Twig definition

twĭg
A young shoot representing the current season's growth of a woody plant.
noun
7
2
Any small, leafless branch of a woody plant.
noun
5
2
To observe or notice.
verb
6
4
To understand or figure out.
verb
6
4
To observe.
verb
3
2
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A small thin branch of a tree or bush.

They used twigs and leaves as a base to start the fire.

noun
0
0
To beat with twigs.
verb
0
0
(colloquial, regional) To realise something; to catch on.
  • 2012 May 30, John E. McIntyre, “A future for copy editors", Baltimore Sun.
    Well, with fewer people doing two or three times the work, you may have already twigged to this.

verb
0
0
To understand the meaning of (a person); to comprehend.

Do you twig me?

verb
0
0
To observe slyly; also, to perceive; to discover.
verb
0
0
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(obsolete, Scotland) To twitch; to pull; to tweak.
verb
0
0
Part or all of this entry has been imported from the 1913 edition of Webster's Dictionary, which is now free of copyright and hence in the public domain. The imported definitions may be significantly out of date, and any more recent senses may be completely missing.
verb
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0
The definition of a twig is a small branch on a tree.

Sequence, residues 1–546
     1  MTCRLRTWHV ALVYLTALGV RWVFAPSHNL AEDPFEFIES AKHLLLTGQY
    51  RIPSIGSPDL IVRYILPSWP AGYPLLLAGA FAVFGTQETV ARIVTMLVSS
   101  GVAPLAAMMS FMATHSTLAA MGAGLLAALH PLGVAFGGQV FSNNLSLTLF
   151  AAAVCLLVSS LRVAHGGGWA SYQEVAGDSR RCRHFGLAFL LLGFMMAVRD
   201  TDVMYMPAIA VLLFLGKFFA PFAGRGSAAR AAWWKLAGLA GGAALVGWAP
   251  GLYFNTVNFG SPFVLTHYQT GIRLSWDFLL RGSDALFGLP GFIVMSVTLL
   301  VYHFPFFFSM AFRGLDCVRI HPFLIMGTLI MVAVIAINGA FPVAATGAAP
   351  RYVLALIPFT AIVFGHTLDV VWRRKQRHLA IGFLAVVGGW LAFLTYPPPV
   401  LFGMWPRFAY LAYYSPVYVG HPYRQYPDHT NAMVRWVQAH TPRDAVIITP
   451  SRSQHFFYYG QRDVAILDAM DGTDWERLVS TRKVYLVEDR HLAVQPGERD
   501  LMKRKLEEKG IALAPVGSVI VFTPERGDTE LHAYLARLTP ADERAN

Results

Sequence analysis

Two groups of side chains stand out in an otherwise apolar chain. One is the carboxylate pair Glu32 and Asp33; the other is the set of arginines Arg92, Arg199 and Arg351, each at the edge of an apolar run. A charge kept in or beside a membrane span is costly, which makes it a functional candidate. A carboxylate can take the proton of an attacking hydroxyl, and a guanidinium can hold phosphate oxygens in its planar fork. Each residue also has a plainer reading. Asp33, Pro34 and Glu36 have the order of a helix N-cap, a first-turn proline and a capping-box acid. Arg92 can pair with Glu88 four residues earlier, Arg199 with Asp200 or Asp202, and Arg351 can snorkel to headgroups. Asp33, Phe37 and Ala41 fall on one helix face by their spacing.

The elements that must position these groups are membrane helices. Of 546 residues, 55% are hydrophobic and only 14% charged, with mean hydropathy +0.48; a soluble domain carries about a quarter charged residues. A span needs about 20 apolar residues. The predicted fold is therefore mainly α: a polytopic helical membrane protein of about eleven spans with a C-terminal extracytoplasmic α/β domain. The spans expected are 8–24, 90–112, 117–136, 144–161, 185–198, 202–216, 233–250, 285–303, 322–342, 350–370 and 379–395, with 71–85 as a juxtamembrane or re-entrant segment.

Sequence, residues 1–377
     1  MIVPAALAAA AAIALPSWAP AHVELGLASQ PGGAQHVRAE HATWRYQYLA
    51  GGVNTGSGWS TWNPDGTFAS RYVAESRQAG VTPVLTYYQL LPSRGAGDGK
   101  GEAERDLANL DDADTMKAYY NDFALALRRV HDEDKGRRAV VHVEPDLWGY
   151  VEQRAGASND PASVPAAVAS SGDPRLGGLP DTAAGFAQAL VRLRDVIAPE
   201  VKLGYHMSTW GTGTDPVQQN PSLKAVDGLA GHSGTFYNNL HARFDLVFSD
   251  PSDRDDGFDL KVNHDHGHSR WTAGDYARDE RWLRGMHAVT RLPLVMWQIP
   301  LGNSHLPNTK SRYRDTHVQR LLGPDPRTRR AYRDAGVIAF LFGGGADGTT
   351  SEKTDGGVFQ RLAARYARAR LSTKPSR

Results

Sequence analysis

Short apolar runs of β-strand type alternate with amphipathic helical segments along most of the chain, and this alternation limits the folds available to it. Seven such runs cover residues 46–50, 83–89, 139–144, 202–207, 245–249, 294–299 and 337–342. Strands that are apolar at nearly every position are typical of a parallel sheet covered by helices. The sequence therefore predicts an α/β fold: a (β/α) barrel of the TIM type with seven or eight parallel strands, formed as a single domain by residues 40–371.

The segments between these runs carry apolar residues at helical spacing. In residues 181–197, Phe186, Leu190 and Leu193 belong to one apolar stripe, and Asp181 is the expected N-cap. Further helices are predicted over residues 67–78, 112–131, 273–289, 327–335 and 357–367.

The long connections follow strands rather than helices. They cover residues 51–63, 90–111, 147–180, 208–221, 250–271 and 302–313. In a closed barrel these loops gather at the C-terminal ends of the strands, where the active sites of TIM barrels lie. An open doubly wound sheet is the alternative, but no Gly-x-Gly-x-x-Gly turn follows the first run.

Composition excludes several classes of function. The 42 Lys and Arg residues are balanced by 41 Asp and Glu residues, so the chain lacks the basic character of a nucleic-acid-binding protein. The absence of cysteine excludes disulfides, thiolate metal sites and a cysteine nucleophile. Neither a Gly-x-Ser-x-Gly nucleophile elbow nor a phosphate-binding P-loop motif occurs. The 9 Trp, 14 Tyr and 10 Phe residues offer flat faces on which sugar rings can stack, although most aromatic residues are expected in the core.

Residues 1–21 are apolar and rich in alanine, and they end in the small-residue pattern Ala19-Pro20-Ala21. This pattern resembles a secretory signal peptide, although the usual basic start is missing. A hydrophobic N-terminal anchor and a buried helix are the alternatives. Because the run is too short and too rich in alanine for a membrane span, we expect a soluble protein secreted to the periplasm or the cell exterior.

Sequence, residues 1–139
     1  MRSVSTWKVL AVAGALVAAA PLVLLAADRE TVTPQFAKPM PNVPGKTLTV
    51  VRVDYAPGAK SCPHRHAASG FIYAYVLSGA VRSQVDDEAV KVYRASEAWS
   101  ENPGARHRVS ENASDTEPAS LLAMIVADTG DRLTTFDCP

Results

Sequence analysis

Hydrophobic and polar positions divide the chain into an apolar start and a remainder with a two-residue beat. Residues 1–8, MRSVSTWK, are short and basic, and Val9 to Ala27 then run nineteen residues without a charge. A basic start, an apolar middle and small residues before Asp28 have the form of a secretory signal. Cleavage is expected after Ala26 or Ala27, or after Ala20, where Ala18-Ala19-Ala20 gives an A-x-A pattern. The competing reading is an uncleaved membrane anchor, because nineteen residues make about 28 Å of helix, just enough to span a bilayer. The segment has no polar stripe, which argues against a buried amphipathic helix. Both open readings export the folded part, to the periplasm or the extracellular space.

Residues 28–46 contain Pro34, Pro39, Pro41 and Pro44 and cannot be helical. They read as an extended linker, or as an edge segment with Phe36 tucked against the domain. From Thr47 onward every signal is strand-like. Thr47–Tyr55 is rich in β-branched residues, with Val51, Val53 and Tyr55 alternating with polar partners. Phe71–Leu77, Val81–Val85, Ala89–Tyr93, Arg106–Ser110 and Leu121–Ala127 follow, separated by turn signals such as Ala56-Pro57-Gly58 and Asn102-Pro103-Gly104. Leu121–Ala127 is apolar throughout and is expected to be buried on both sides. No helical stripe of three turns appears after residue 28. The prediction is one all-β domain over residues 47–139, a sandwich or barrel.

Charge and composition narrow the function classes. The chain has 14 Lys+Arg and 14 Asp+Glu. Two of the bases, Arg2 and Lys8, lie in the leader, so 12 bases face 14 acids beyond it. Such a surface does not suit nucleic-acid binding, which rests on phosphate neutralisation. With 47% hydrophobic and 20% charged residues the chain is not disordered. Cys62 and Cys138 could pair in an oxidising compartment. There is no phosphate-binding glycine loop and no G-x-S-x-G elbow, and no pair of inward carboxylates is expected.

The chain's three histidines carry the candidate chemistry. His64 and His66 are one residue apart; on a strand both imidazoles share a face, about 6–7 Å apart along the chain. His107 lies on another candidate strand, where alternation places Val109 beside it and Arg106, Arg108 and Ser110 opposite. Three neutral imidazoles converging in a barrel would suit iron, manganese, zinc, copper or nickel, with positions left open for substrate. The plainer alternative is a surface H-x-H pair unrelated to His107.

A little tree branch growing off of a larger branch is an example of a twig.

noun
0
1
To be or become aware of the situation; understand.
verb
0
1
The current style; the fashion.
noun
0
1
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A small, slender branch or shoot of a tree or shrub.
noun
0
1
To understand.
verb
0
1

Other Word Forms

Noun

Singular:
twig
Plural:
twigs

Origin of twig

  • Perhaps from Irish Gaelic tuig- stem of tuigim I understand from Old Irish tuicim

    From American Heritage Dictionary of the English Language, 5th Edition

  • Middle English from Old English twigge dwo- in Indo-European roots

    From American Heritage Dictionary of the English Language, 5th Edition

  • Origin unknown

    From American Heritage Dictionary of the English Language, 5th Edition

  • Old English twigge, from Proto-Germanic *twÄ«gÄ… (compare West Frisian twiich, Dutch twijg, German Zweig), from Proto-Indo-European *dwigha (compare Old Church Slavonic [script?] (dvigÅ­, “branch"), Albanian degë 'id.'), from *dwó 'two'. More at two.

    From Wiktionary

  • From Irish and Scottish Gaelic tuig (“to understand").

    From Wiktionary

  • Compare tweak.

    From Wiktionary